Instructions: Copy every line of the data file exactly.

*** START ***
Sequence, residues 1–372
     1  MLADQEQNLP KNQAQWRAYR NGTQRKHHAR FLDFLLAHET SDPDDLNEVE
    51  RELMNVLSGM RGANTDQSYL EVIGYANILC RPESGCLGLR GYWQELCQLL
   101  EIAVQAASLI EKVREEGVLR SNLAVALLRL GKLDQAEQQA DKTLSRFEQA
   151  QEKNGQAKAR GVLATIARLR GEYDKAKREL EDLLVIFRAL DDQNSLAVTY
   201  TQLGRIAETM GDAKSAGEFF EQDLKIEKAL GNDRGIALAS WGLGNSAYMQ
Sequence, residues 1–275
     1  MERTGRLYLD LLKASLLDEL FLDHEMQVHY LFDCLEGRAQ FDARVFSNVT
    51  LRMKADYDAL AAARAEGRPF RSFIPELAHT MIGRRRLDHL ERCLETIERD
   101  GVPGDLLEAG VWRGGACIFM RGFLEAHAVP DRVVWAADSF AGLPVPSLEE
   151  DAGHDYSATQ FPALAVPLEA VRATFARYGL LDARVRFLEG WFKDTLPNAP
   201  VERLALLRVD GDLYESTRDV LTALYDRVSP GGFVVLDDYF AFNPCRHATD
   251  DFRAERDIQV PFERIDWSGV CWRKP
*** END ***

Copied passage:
Sequence, residues 1–372
     1  MLADQEQNLP KNQAQWRAYR NGTQRKHHAR FLDFLLAHET SDPDDLNEVE
    51  RELMNVLSGM RGANTDQSYL EVIGYANILC RPESGCLGLR GYWQELCQLL
   101  EIAVQAASLI EKVREEGVLR SNLAVALLRL GKLDQAEQQA DKTLSRFEQA
   151  QEKNGQAKAR GVLATIARLR GEYDKAKREL EDLLVIFRAL DDQNSLAVTY
   201  TQLGRIAETM GDAKSAGEFF EQDLKIEKAL GNDRGIALAS WGLGNSAYMQ
Sequence, residues 1–275
     1  MERTGRLYLD LLKASLLDEL FLDHEMQVHY LFDCLEGRAQ FDARVFSNVT
    51  LRMKADYDAL AAARAEGRPF RSFIPELAHT MIGRRRLDHL ERCLETIERD
   101  GVPGDLLEAG VWRGGACIFM RGFLEAHAVP DRVVWAADSF AGLPVPSLEE
   151  DAGHDYSATQ FPALAVPLEA VRATFARYGL LDARVRFLEG WFKDTLPNAP
   201  VERLALLRVD GDLYESTRDV LTALYDRVSP GGFVVLDDYF AFNPCRHATD
   251  DFRAERDIQV PFERIDWSGV CWRKP